Vic went on to enjoy a successful career at various design agencies. “I was overseeing a lot of big projects but started to think ‘Do I want to be doing this at 50?’ I got my answer when I was suddenly let go one Christmas. It was a bitter pill to swallow. But it forced me to really consider what I wanted to do. I asked myself ‘Do I want to be a designer or an illustrator?’ I chose the latter.”

“Everything that happened in my childhood led to me becoming an artist. It allowed me to escape.”

A bold step

After taking some time out, Vic was offered an opportunity that would test his ‘What’s the worst that could happen’ approach. “One day someone asked if I could do murals. I said ‘Of course!’, even though I’d never done one before,” he says. “I managed to get a spot at a huge design show in London. I was there painting for five days, but over the course of those few days I won eight projects. Things really took off from there.”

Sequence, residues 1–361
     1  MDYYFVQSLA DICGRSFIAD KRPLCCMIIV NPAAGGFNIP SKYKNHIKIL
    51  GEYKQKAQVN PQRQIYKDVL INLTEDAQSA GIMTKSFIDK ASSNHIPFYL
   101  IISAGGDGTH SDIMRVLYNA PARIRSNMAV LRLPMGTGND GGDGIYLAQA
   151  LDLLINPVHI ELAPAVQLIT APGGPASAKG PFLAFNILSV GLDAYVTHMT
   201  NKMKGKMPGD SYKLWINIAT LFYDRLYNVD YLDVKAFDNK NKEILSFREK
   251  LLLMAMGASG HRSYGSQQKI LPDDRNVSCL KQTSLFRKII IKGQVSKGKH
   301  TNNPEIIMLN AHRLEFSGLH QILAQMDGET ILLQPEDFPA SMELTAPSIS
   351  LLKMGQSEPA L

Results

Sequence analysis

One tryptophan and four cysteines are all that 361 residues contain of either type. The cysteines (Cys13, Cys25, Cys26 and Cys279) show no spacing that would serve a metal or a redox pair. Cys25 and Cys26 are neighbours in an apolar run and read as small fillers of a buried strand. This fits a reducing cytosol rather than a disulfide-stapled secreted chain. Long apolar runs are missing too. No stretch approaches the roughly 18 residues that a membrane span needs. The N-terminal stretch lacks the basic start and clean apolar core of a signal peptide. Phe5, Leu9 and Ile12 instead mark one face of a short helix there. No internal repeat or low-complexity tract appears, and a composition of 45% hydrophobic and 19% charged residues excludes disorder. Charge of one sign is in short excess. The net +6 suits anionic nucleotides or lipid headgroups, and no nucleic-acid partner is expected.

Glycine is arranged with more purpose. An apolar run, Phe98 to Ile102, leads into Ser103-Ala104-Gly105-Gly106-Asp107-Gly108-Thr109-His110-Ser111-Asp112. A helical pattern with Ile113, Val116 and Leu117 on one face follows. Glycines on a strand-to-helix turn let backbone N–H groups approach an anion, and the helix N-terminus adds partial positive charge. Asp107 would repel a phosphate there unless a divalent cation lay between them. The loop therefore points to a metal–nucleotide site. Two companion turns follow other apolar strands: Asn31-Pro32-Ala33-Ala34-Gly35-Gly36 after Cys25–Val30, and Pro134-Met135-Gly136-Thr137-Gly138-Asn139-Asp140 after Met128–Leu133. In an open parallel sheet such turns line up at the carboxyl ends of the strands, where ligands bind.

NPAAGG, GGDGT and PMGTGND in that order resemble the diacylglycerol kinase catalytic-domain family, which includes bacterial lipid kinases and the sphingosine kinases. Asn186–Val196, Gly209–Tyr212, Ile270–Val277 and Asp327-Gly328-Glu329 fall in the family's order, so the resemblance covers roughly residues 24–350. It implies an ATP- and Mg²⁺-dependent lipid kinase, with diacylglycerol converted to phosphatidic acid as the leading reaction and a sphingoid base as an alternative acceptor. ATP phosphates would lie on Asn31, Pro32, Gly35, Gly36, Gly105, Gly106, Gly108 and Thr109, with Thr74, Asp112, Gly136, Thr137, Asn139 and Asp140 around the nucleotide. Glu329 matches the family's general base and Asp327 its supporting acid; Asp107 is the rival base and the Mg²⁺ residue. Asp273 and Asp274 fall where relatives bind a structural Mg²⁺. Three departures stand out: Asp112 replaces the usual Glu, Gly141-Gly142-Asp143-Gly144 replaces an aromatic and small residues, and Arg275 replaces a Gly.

Vic has since worked with huge international businesses and organisations such as Nike, McClaren and Marks & Spencer, producing artwork and murals for their offices and events. It’s taken him to some unexpected places and led to some unexpected outcomes – never more so than in 2020, during the Covid-19 pandemic.

“I’ve always drawn illustrated diaries and it’s something that I did during Covid, as a way of processing what was happening,” Vic shares. “I shared my own diary on LinkedIn and put together a short video - and it sort of blew up. People asked me to put it into print, so I did. We received over 2000 pre-orders in the first three days and the book sold out within eight weeks. It was amazing.”